Next up: Explore the hallowed hallways of Rijksmuseum’s Gallery of Honour through the guided tour, Masterpieces Up Close, to learn more about Rembrandt’s greatest works and other iconic paintings. You can also check out the #Rijksmuseumfromhome series on YouTube where curators share insights on their favourite artworks.
This LA-based museum has debuted a slew of digital initiatives to provide us with contemporary art behind the screen. One highlight? Its virtual art exhibition of Yayoi Kusama’s Infinite Mirrored Room. This time, you can explore the space without any time constraints. Working together with LA musicians, the experience draws you into the psychedelic world of the Japanese artist with instrumental rock and ambient music playing in the background.
Art enthusiasts can also look forward to the Up Close Curator Talks series that sheds light on artists featured in The Broad’s collections, and Interplay: Poetry and Art, which shows the bond between visual and literary art.
The British Museum
Steeped in history and culture, this museum has released more than a million images online that will excite any history buff. We’re talking about real-life mummies, the legendary Rosetta Stone and many more. Through Google Arts and Culture, you can learn interesting tidbits across 7,000 objects in the museum, with 45 in-depth stories on selected artworks.
Check out the museum’s interactive platform, History Connected, where you can explore the great wonders of history across different time periods, starting from 2000 AD. Plus, listen to introductions of various galleries by in-house curators or relive the cinematic masterpieces of Vikings: Life and Legend, as well as Life and Death in Pompeii and Herculaneum on the YouTube channel.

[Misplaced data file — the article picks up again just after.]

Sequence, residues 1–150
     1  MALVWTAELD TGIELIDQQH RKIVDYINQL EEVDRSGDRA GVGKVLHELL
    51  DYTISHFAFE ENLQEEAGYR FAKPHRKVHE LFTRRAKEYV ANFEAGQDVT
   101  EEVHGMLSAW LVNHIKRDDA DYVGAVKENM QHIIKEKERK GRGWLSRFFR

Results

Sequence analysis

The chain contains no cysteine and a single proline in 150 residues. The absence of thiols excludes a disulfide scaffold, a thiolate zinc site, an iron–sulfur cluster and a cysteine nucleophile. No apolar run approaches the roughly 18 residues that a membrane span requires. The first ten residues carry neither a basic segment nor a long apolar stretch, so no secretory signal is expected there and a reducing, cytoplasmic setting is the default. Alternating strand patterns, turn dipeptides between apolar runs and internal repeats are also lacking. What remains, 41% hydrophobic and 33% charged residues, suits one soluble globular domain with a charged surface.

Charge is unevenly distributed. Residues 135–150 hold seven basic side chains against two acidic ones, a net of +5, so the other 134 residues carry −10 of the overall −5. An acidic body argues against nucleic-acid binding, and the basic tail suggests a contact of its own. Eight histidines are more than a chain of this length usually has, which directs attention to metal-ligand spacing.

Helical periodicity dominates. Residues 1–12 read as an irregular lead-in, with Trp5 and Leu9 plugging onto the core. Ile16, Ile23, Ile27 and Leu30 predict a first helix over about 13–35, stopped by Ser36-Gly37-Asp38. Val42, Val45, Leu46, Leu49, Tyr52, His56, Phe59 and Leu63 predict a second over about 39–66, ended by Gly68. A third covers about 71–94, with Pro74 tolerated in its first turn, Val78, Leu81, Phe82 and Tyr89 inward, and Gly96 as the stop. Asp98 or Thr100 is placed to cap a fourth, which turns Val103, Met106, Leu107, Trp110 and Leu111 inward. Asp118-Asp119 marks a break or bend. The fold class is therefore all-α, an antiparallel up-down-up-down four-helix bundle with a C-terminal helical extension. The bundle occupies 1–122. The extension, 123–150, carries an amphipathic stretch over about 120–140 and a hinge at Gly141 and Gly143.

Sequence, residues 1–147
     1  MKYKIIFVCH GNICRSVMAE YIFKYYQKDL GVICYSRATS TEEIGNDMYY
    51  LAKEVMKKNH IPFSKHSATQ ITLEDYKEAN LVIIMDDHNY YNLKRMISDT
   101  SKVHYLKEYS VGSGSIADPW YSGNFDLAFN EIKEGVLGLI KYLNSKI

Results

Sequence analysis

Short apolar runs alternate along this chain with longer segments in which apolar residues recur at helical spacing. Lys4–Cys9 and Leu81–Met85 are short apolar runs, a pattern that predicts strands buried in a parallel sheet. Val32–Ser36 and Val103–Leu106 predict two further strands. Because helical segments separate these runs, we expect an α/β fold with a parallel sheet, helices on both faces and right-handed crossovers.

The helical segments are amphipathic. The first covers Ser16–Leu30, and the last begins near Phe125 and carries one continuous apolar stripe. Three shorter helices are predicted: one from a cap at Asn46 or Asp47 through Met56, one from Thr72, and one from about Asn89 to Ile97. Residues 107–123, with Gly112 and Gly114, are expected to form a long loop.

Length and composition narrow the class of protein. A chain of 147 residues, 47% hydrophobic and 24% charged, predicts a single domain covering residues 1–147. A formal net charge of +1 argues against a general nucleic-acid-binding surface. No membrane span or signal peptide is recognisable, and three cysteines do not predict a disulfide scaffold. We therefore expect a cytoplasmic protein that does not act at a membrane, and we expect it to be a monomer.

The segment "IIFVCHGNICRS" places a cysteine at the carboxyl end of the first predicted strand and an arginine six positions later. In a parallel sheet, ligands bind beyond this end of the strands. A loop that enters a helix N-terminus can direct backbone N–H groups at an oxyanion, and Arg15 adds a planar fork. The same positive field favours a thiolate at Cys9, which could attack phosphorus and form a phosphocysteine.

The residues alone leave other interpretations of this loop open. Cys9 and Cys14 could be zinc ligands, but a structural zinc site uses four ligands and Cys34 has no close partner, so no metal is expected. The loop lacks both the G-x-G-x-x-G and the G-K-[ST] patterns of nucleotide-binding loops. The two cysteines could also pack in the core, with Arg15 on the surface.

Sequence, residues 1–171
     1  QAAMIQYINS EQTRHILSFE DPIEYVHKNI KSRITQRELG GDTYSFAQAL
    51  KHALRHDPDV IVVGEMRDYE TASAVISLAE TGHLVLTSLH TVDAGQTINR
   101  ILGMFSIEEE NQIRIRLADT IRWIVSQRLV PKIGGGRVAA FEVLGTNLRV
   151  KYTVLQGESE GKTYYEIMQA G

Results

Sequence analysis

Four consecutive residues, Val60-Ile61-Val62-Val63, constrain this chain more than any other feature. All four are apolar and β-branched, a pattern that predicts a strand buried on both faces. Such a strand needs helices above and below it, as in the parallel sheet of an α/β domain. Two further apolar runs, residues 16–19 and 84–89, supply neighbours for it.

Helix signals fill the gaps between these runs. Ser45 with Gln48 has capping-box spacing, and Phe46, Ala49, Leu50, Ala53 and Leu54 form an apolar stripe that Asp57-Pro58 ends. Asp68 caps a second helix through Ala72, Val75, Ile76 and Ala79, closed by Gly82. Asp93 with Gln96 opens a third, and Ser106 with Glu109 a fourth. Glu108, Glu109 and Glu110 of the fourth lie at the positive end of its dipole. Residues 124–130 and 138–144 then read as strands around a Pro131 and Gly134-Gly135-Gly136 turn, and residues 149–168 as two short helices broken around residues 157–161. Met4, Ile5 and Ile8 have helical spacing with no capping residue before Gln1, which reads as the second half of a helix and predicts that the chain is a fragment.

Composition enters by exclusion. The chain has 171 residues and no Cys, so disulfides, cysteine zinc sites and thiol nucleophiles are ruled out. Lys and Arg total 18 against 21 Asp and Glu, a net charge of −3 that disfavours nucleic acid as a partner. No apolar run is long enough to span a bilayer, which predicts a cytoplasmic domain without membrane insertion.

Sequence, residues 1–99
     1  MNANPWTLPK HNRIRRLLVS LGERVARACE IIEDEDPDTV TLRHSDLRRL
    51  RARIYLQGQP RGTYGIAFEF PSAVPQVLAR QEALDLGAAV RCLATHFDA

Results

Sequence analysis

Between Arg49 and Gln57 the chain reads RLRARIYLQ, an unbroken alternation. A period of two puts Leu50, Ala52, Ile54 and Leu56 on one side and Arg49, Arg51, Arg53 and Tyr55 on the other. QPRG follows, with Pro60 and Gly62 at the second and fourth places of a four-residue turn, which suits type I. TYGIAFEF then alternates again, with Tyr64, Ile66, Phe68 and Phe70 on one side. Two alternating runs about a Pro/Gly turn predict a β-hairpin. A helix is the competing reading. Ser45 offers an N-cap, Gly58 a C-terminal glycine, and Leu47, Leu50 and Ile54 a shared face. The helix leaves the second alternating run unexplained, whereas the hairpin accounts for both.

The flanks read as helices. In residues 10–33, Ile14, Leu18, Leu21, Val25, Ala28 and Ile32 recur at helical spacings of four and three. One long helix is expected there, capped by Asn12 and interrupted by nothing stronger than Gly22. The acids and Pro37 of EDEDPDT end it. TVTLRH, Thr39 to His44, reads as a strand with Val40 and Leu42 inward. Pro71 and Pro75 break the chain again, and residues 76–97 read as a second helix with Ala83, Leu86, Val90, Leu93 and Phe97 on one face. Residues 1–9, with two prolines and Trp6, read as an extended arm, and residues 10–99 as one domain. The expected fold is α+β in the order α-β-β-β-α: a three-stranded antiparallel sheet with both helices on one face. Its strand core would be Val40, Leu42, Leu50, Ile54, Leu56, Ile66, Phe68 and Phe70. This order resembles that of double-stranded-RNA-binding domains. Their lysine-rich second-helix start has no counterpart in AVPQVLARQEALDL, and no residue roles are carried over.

Designed by Frank Lloyd Wright, this museum is praised for its iconic spiralling facade akin to a spinning top. Led by guides with the help of Zoom, its virtual tour explores the relationship between architecture and the feeling of hope by spotlighting iconic oculus designs – and of course, it includes the curved walkways of The Guggenheim. It doesn’t stop there; you can look forward to a deluge of online activities from talks to art classes.
J. Paul Getty Museum
Colloquially known as the Getty, this museum is famous for showcasing 19th and 20th century artworks through various mediums including paintings, sculptures and photographs from Europe, America and Asia. Take a deeper look at the cradle of civilisation with the Mesopotamia exhibition for a peek into how the Sumerians, Babylonians and Assyrians lived, or join curator Julian Brooks as he takes you through the Michelangelo: Mind of the Master exhibition.
Oh, and its virtual art exhibitions are also live on Google Arts and Culture. Check out The Art of Three Faiths: Torah, Bible, Qur’an, where you can learn about scriptures from the Middle Ages. Or Director’s Choice: Getty Museum Acquisitions 2019, which lets you study ancient Greek, Etruscan and Roman gems from 1600 BC to 138 AD.